Bangladesh enacts controversial digital security law

Wednesday 10th October 2018 02:47 EDT

New Delhi: Bangladesh President Abdul Hamid gave his assent to a controversial new law that media groups fear could cripple press freedom and curb free speech in the South Asian nation. The Bangladeshi parliament passed the Digital Security Act on September 19, combining the colonial-era Official Secrets Act with tough new provisions such as arrests without a warrant.

In August this past year, Bangladesh witnessed some of the most widespread student demonstrations sparked by an incident of road violence. What initially erupted as an outpouring of anger over the unregulated transport industry quickly escalated into extensive anti-government protests over what is perceived as Prime Minister Sheikh Hasina’s increasingly authoritarian rule.

The past few years have seen the government of Bangladesh clamping down on free speech and press freedom more and more. Dozens of activists and journalists have been arrested for expressing dissenting views against the ruling Awami League Party. Shahzahan Bachchu, 60, the owner of Bishaka Prokashoni and the acting editor of weekly Amader Bikrampur, was shot dead by unidentified assailants in June this year. His death was the latest in a string of attacks made to stifle freedom of expression and undermine journalistic freedom.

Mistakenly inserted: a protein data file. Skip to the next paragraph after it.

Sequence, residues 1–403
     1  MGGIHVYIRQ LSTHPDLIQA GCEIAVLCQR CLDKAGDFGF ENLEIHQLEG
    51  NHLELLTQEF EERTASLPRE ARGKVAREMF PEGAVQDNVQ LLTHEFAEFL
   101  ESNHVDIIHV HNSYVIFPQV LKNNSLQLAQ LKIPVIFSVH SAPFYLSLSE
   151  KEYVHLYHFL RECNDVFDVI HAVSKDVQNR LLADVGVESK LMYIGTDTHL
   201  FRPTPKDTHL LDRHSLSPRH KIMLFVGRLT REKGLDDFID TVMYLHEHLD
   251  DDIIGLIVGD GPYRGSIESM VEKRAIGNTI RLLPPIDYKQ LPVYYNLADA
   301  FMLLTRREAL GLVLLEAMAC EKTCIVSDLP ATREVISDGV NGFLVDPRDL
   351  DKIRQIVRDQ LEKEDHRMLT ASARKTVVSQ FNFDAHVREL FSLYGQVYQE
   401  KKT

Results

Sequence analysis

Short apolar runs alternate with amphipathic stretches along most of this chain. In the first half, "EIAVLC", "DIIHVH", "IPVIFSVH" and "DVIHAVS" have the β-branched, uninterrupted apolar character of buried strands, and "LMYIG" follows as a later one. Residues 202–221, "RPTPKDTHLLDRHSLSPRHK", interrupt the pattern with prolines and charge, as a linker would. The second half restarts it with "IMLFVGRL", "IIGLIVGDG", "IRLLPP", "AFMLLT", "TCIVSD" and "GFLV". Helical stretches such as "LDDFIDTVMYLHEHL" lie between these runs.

The Bangladesh government also ordered the blocking of internet access to The Wire a day after it published an article on the role of the country’s military intelligence agency in the illegal pick-up and secret detention of the university academic Mubashar Hasan.

The draconian Section 57

A particularly draconian law employed in the suppression of free speech and jailing of dissidents was Section 57 of the Information and Communication Technology law (enacted in 2006 by the BNP-Jamaat government and amended in 2013) which carries a maximum prison sentence of 14 years. It was under this law that Shahidul Alam, a prominent social activist and photographer, was arrested recently for ostensibly spreading “propaganda and false information” during widespread student protests.

Sheikh Hasina has defended the new law by saying it is aimed at controlling cyber and digital crimes.“The journalists are only thinking about their interest, not about society and only for that they are raising their voices,” she said last month.

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